A lifetime spent around the water has led to an exciting new venture for two former Lowcountry natives, sisters Kari and Angela Rosenberg. After pursuing separate careers in film and marine science, respectively, they recently launched the ANGARI Foundation, a nonprofit group that helps bridge the gap between marine science and the general public. The centerpiece of the organization is a 65-foot Grand Alaskan trawler that last year they outfitted to serve as a research vessel.
ANGARI (pronounced anjar- ee) offers scientists full-service research expeditions at low cost, films these excursions, and creates engaging videos documenting marine science for schools. Angela’s years of education and lab work in the marine sciences prepared her to run the foundation, while Kari applies her passion for filmmaking to document its endeavors. Together, they are making marine science accessible and captivating for the general public. At a time when global warming is wreaking havoc on the ocean environment we take for granted and public trust in science is waning, their mission couldn’t be more important.
The pair, who enjoyed a childhood combing the beaches of Hilton Head Island for sand dollars and living on a boat for weeks in the Bahamas, seemed destined to bring their passion for the ocean to bear. “I would say this is 10 years in the making. Our parents basically brought us up on the water. Angela and I were strapped to the cockpit of sailboats since we were toddlers,” said Kari, 30, who currently lives in Los Angeles and is a manager for Marvel Animation.
While Kari steps in throughout the year to film expeditions, Angela, 33, serves as the foundation’s president and sole employee. After completing her master’s degree in marine science with a focus on the geochemistry of deep-sea corals, at the University of Miami, she became a lab manager for a number of years at the University of South Carolina in Columbia. While there, she expanded her expertise, completing an MBA. This led to two years in the nonprofit world directing programs for the International SeaKeepers Society, founded by yacht owners hoping to give back to the oceans. Both sisters are certified divers and hold captain’s licenses.
In the summer of 2016, the long-discussed dream at family dinners became a reality through private donations. The name came about through fusing the names of both sisters—ANG-ARI. Both parents, Chris and Lee, longtime advocates of the idea, took a seat on the foundation’s board of directors. It took more than six months to find a suitable vessel and another three months to install state-of-the-art upgrades like an onboard laboratory, dive center and many cameras, placed strategically to capture the various activities of a research expedition. “We wanted to design a vessel that could host a group of researchers and create an educational platform complete with onboard cameras to document the work of scientists in an immersive way,” Angela said.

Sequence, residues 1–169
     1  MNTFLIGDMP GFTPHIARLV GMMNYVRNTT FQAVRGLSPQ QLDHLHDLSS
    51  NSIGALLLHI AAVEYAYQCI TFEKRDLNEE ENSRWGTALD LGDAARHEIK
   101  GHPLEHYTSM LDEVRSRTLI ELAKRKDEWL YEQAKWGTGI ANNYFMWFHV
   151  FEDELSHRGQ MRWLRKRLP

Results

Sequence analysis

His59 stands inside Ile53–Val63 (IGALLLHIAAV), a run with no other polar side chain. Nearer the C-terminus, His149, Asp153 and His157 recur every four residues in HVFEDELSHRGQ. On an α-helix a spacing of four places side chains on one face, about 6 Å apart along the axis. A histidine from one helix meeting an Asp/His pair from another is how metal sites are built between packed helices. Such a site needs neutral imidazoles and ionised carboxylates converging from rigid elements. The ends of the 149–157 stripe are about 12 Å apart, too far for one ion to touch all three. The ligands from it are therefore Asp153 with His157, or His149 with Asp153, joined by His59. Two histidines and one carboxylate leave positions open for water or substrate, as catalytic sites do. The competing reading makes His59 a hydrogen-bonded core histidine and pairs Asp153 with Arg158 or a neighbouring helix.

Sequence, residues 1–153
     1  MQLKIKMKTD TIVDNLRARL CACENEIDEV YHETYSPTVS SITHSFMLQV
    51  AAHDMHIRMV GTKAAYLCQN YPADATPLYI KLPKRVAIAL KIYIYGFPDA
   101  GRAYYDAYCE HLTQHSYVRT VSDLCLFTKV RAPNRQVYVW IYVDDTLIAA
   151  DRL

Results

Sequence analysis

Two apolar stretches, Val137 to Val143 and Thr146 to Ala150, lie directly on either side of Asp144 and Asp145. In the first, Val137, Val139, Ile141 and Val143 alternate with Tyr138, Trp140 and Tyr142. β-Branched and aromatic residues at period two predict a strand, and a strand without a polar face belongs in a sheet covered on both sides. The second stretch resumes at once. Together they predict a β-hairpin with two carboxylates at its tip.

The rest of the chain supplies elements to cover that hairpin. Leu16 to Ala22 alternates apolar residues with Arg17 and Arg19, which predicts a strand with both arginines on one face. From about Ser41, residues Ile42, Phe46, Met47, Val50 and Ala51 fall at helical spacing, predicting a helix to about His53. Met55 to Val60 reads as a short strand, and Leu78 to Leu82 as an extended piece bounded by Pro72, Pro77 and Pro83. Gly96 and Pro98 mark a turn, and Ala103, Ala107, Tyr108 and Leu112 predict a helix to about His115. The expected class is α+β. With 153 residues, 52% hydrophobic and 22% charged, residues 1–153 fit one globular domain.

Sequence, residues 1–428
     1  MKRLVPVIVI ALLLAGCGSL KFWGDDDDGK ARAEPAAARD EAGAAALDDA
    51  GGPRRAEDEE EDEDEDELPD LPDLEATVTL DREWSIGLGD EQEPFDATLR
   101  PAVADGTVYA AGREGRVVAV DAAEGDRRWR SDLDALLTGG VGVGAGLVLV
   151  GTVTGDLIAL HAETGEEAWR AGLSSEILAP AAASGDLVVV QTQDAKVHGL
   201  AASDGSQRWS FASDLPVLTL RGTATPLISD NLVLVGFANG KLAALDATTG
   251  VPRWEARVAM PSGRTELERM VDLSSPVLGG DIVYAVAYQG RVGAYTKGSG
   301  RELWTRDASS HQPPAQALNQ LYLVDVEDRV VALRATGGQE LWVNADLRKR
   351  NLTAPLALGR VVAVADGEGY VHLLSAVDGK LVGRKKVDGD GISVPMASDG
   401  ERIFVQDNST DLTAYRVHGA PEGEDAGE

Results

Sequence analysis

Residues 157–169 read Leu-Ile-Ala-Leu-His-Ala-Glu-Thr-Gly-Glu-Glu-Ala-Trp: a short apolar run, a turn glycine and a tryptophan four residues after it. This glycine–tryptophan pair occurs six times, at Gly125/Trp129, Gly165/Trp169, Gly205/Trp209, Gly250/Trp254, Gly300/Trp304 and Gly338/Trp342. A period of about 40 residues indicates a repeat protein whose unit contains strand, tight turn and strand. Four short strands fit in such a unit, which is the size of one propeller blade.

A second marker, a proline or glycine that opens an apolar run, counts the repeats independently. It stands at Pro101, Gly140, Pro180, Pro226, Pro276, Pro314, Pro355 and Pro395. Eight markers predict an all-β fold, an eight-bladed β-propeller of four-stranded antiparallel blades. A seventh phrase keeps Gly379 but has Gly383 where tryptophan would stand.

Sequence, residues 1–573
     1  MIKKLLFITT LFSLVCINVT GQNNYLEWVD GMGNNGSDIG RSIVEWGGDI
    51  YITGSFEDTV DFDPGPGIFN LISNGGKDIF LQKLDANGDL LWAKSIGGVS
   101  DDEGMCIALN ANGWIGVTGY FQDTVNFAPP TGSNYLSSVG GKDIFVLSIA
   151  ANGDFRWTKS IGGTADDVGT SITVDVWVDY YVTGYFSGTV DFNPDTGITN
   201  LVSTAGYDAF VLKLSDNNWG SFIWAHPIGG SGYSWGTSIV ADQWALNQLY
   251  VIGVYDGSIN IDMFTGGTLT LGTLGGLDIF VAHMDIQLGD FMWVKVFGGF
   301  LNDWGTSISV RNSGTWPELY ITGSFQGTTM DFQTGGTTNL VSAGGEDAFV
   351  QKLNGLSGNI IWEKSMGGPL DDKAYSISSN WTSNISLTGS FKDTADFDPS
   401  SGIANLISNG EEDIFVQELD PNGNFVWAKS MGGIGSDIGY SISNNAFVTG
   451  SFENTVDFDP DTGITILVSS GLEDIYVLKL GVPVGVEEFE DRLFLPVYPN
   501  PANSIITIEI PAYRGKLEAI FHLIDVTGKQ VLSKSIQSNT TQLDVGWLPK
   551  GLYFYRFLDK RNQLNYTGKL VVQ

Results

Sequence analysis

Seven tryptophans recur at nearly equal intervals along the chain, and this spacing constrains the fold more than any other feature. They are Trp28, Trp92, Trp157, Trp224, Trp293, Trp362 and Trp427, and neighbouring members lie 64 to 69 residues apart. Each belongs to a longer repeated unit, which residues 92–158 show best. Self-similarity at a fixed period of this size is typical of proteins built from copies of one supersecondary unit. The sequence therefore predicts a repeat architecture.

When it comes to documenting the foundation’s efforts, Kari, whose previous work includes four years at Disney Animation Studios, stepped in with a bold idea: to dive into the exciting realm of virtual reality. If you haven’t heard of it yet, you will — VR, for short, is changing the landscape of journalism. Using special cameras, videos are filmed in a complete spherical 360-degree arc, which means that when you view them the camera follows any direction you turn your head. And as it becomes cheaper to produce and experience, educators and museum curators are looking to VR for immersive education. To take it a step further, ANGARI is bringing these cameras underwater with special casings. This new approach is sure to gain traction as a way to expose kids to marine science — changing the lives of those who never have seen the ocean. “My dream,” Kari said, “would be to give a kid in Middle America the experience of a shark dive. VR is an emotional experience. Someone can put on a headset and build empathy for the environment and what scientists are trying to do.”
Among the foundation’s first expeditions was a shark-tagging trip with researchers from the University of Miami, followed by a coral reef trip in the Florida Keys, where the team sampled specimens and filmed underwater. ANGARI plans to operate within a range that includes the East Coast, Gulf of Mexico, Florida and the Keys, the Bahamas, the Caribbean and Cuba. Currently, the ANGARI team is working with schools and universities to brainstorm curriculum ideas that would include professional development for teachers, bringing them onboard the research vessel so that they can better teach their students. ANGARI plans to film three to four VR episodes a year, picking scientific expeditions that lend themselves to filming and can be paired well with class curriculum.
“We’re starting on a small operating budget. I’d love to bring in grants and supporters and take it to a whole new level that people right now may not be able to imagine,” Kari said. “We love ANGARI. We love what we do and we’re committed to it.”
PHOTO BY COURTESY OF THE ROSENBERG FAMILY